In the first ten minutes I think I firmly established myself as a professional, with a lot of training and experience, and also a bit of a weirdo. I got their eyes up out of their laps and away from the walls, and made them laugh. By the time I said, “Okay, so, I’m done, please ask me questions now,” they were ready for me.

First question, right out of the gate (and the girl who asked it sounded like she had been holding it in for hours, she said it with so much expression and enthusiasm)
“What do you do if someone smells BAD? I mean really BAAAAAD?”
Titters all around.

I gathered quickly this was probably something all of them were reeeeeeeally interested in.

This is what they wanted to know from a massage therapist? Immediately I knew I had a job to do: not be a ham, but an adult. So here was a great opportunity to inspire their compassion and understanding. But – wow – I also could not bullshit them and act like bad smells are not gross or a big deal. Sometimes they are.

“Okay, so here’s what you do,” I started out. “You acknowledge you are grossed out, to yourself. You have to deal with it professionally though. You meet and work with this person as thoughtfully and maturely as possible. Later, you talk about it with another colleague: You do not share it on FaceBook, you don’t bring it home and expect your girlfriend or boyfriend to help you cope with it. You get your yas-yas out with a peer but with that client you are respectful and encouraging.”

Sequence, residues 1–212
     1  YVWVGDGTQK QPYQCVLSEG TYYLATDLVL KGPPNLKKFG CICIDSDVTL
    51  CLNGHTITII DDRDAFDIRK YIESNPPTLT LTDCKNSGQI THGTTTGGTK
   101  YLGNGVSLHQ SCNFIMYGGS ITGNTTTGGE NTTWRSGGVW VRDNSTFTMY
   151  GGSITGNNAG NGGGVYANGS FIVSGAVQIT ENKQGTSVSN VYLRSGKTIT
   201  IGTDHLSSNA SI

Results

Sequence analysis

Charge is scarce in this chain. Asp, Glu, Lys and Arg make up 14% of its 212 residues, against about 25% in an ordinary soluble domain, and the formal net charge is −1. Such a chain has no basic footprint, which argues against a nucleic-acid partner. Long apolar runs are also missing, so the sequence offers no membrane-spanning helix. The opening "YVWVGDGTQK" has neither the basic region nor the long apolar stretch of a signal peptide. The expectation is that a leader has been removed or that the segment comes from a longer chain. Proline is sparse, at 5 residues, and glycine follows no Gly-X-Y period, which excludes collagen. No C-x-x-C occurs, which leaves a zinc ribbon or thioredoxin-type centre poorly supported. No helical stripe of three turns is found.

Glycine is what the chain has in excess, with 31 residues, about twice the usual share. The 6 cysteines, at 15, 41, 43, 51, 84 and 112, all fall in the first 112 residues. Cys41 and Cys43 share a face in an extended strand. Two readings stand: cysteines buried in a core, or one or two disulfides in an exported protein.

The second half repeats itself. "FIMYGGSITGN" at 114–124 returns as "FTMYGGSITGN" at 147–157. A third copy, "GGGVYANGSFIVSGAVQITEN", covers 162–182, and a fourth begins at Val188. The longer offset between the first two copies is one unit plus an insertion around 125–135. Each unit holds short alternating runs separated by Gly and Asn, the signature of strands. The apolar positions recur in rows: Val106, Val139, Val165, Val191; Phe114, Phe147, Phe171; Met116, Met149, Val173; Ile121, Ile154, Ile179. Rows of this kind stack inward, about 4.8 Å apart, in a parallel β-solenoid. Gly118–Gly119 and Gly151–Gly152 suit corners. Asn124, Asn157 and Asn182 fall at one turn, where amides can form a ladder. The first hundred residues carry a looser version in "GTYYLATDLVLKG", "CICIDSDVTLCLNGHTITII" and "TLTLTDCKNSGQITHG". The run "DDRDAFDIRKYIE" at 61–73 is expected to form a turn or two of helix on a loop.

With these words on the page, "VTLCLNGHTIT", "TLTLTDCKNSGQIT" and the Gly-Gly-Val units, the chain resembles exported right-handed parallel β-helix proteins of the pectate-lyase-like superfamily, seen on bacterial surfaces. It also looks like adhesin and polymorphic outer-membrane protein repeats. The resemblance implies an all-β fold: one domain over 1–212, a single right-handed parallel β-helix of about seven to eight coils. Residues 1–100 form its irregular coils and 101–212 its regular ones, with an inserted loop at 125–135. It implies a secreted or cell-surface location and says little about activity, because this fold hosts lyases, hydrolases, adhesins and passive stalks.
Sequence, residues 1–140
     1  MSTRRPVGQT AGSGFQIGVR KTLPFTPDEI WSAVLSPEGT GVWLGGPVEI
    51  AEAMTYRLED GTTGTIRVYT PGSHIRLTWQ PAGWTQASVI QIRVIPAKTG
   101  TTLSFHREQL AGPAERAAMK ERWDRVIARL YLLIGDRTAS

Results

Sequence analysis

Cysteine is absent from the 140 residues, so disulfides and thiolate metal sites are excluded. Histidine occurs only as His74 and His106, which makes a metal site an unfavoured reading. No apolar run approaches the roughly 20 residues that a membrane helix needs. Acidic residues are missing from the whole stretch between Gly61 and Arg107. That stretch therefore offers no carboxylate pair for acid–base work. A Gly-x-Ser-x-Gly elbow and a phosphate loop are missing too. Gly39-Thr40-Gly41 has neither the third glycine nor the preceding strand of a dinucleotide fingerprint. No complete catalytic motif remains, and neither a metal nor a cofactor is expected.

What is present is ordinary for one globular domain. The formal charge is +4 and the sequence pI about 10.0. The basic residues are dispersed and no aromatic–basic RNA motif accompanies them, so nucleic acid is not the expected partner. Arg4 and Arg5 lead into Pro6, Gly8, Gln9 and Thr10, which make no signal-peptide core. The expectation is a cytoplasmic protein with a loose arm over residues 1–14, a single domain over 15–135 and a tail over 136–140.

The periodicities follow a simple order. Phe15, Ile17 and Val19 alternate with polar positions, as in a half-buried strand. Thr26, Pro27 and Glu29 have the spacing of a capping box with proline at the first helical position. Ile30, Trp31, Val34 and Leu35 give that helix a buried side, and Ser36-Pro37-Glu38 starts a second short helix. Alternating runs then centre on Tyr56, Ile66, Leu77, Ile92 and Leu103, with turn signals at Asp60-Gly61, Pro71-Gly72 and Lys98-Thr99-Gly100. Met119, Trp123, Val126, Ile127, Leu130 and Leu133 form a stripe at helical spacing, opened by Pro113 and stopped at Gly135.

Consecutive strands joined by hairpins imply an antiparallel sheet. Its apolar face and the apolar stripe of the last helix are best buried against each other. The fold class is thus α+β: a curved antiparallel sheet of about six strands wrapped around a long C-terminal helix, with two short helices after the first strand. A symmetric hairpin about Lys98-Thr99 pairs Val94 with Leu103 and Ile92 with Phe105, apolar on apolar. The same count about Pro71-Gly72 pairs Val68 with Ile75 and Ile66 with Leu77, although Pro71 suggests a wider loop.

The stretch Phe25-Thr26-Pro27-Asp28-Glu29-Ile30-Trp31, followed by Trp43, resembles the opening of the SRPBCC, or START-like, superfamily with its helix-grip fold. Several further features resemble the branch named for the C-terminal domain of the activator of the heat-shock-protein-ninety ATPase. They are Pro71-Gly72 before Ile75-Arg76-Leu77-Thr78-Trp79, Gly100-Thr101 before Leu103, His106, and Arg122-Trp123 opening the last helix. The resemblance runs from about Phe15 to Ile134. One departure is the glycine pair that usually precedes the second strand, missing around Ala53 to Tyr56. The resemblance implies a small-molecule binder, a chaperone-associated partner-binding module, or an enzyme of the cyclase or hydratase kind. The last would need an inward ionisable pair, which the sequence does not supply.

“There might be a few reasons why that person smells bad,” I persisted to mounting giggles and comments sotto voce. I listed a few: medication, they can’t smell anything well let alone their own body odor, no soap, poor hygiene. “Maybe they don’t have hot water at their house. Maybe they don’t have running water, period.” They softened a little. Some people don’t, in rural Maine.

“And it goes across class,” I said. “Not everyone who walks in your door who looks like they might smell, will. It’s really nice when clients shower before coming to you, but not everyone does, and that includes people who look well-off and clean. They get on the table, you go to drape them and: boom. A waft, from the gluteal fissure. It’s part of the job. In fact…”

The noise level ratcheted up a notch: “Waft? Waft? She said ‘waft.’ Waft!” Then, they had to ask me about the gluteal fissure. “Yes, the butt crack, ladies, the butt crack,” I said, while rolling my eyes and smiling a little at the ensuing howls and whoops. The conversation morphed from being about People Who Smell Bad to Smelly Butts in General.

“Oooh! Oooh! What do you do? If a butt stinks?” I was getting this from a few girls, all at the same time.